Settings::interfaces

This section is the main network configuration panel for Zen Load Balancer, where will be shown the network interfaces table for physical, virtual, vlan, bonding interfaces, and the default gateway configuration field.

INTERFACES TABLE

At the Interfaces Table will appear all the physical network interfaces installed in the system after the ZenLB installation. The meaning of every table fields are the following:

Name. It’s the name of the current interface and will be unique. The virtual interfaces will be identificated by a colon “:” character within the interface name, meanwhile the vlan is identificated by a dot “.” character within the interface name which will be the vlan tag.

Addr. It’s the IP address in ipv4 format for the current network interface.

HWAddr. It’s the MAC physical address for the current network interface. Note that the virtual and vlan network interfaces have the same MAC address of its parent physical interface.

Netmask. It’s the netmask of the network interface, which defines the subnet of the network for the current interface.

Gateway. It’s the gateway for the current network interface. ZenLB can work with independent route tables for every physical or vlan network interfaces. Virtual interfaces always inherit the gateway from the parent physical or vlan interface.

Status. A green dot means the interface is UP and running, meanwhile a red dot means the interface is DOWN.

Actions. The action icons are used to apply changes to the current network interface. Applying a certain action could affect to one or more network interfaces.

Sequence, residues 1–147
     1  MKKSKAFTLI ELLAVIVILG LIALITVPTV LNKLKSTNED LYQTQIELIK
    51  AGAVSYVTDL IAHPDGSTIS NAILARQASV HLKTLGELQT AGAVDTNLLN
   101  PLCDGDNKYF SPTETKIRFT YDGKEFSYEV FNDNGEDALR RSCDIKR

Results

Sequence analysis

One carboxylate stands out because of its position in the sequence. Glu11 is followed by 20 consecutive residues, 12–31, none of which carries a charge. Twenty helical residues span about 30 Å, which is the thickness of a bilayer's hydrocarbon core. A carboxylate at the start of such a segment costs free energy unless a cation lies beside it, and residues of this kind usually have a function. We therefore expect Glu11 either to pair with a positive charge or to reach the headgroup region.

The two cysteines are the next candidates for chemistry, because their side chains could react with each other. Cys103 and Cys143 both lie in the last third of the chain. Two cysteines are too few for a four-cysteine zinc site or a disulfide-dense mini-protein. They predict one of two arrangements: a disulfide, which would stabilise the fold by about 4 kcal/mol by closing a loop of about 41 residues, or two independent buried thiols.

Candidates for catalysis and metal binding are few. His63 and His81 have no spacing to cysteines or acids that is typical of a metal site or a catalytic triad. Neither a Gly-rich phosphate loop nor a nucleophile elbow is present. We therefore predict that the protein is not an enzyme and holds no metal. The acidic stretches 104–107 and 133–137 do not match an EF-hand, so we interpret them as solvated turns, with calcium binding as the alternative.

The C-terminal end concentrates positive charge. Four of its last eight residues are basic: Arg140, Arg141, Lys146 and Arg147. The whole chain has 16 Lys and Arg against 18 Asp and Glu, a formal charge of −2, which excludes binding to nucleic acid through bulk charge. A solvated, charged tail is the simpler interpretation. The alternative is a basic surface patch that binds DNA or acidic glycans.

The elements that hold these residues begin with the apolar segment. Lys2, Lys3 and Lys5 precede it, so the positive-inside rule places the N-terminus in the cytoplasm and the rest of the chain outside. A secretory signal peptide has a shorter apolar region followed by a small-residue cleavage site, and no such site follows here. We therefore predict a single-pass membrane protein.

Down interface. Disables the current interface.

Up interface. Enable the current interface.

Edit interface. Change the current network interface configuration.
In order to apply the changes press the Save & Up! Button.

Add virtual interface. Adds a new virtual interface inherited from the current network interface.
Creating a new virtual interface will appear a field with a colon “:” character that will be used to establish an identification for the virtual interface. The IP address has to be under the same subnet that the parent interface.

In order to apply the changes you have to click on the Save button. Press the Cancel button to reject the changes. Add vlan interface. Adds a new vlan interface inherited from the current network interface.
Creating a new vlan interface will appears a field with a dot “.” character that will be used to establish an identification for the vlan interface. The IP address could be different of the parent interface.

In order to apply the changes you have to press the Save button. Press the Cancel button to reject the changes.

Delete interface. This action disables and deletes the current interface if it’s possible.

Some actions are locked. This icon means that some actions are locked and disabled temporarily. Some reasons to this behaviour are the following:

GUI service is binding to a certain interface. In this case, a home icon is shown and some actions are disabled to be safe from bad configurations that could produce an unaccessible zen web GUI.

In order to restablish the actions, you’ve to go to the Settings::Server section and bind the GUI service over all interfaces, and finally restart the GUI service.
Cluster configuration. In this case, the cluster has been configured and the interfaces configuration is only enabled when the cluster is disabled.

DEFAULT GATEWAY

A default gateway for the system could be established through the Defatul gateway table.

To change this field, you’ve to press the edit button and enter the gateway address and interface.

In order to apply the new configuration press the Save button or Cancel to reject the changes.

In order to remove the default gateway press the Delete Button.

BONDING INTERFACE TABLE

Bonding is available from Zen EE 4.1.13

This table manages the bonding configuration in Zen Load Balancer. The Linux bonding interface or also called by another vendors as Trunk provides a method for aggregating multiple network interfaces into a single logical “bonded” interface. The behavior of the bonded interfaces depends upon the mode, Zen Load Balancer supports the following methods: